I took a walk in the dunes with a colleague of mine some time ago. We talked about the difficulties he was having getting through to some people in his organisation. He relayed me the story of a friend, who’s a biologist. This guy was observing a group of giant turtles on a forlorn island in the Pacific.
Initially, he did not get far. Every time he wanted to come closer, they’d scurry off in to the water. Then, he started seeing who the leaders of the group were. So he got on his knees and hands and crouched down towards the group. Again no luck. He was getting pretty frustrated and thought about packing it up. He watched them for another day and really looked for patterns in the group that maybe he’d failed to see previously. Suddenly, he noticed something. The animals he perceived as the leaders of the group all shared a habit: every now and then, they’d use a paw to scoop a bit of sand on their backs.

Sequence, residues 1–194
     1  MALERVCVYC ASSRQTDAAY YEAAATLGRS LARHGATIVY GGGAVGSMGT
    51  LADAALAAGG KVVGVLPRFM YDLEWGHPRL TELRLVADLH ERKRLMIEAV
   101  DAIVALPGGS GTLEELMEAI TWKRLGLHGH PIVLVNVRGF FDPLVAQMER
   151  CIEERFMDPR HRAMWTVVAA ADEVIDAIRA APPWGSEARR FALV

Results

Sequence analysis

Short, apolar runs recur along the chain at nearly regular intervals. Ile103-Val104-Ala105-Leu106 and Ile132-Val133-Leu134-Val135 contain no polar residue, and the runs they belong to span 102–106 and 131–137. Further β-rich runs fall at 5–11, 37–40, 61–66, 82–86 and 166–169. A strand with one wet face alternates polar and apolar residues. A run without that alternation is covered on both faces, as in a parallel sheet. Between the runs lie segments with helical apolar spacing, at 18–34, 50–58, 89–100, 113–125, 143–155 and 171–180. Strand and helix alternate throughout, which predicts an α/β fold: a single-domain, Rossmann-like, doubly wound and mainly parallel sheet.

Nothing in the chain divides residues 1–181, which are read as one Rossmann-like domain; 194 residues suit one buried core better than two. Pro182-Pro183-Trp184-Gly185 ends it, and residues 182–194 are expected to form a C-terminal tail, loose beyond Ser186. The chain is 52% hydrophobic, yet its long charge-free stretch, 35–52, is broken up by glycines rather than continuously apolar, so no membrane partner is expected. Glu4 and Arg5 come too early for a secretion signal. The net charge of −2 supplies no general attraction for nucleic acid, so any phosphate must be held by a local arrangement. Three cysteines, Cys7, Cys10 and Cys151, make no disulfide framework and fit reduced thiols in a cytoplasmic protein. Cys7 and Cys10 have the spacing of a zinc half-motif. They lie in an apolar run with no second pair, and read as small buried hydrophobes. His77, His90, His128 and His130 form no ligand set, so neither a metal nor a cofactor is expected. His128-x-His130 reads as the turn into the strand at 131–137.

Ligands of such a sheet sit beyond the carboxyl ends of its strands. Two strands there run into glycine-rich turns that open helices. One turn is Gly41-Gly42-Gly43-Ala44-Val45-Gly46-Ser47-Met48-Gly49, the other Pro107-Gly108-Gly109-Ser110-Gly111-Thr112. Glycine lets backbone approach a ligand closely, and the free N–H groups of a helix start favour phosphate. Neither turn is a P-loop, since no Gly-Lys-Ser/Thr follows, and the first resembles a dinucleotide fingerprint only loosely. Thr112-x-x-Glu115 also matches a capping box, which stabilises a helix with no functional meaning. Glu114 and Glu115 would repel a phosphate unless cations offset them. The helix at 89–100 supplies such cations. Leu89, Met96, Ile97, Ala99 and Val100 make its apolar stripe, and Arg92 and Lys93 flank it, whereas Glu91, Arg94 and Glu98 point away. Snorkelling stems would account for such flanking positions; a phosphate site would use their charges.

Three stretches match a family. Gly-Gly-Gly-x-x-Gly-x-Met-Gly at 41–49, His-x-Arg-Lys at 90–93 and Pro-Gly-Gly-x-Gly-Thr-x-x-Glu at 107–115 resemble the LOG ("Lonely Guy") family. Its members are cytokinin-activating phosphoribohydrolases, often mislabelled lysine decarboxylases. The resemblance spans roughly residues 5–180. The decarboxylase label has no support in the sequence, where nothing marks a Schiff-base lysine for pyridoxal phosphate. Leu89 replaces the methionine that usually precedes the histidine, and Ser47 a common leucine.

He moved slowly towards the group and installed himself among them. And put a few scoops of sand on his back. And what do you know? He was in and could be among them without the group scurrying of into the water.
Our conclusion: if you want in, find out what the equivalent of that scoop of sand on your back is.
Art Kleiner has described these subliminal dynamics beautifully in Who Really Matters – The Core Group (http://amzn.to/2hqv1uS).
What are your experiences with core group dynamics?
Image: National Geographic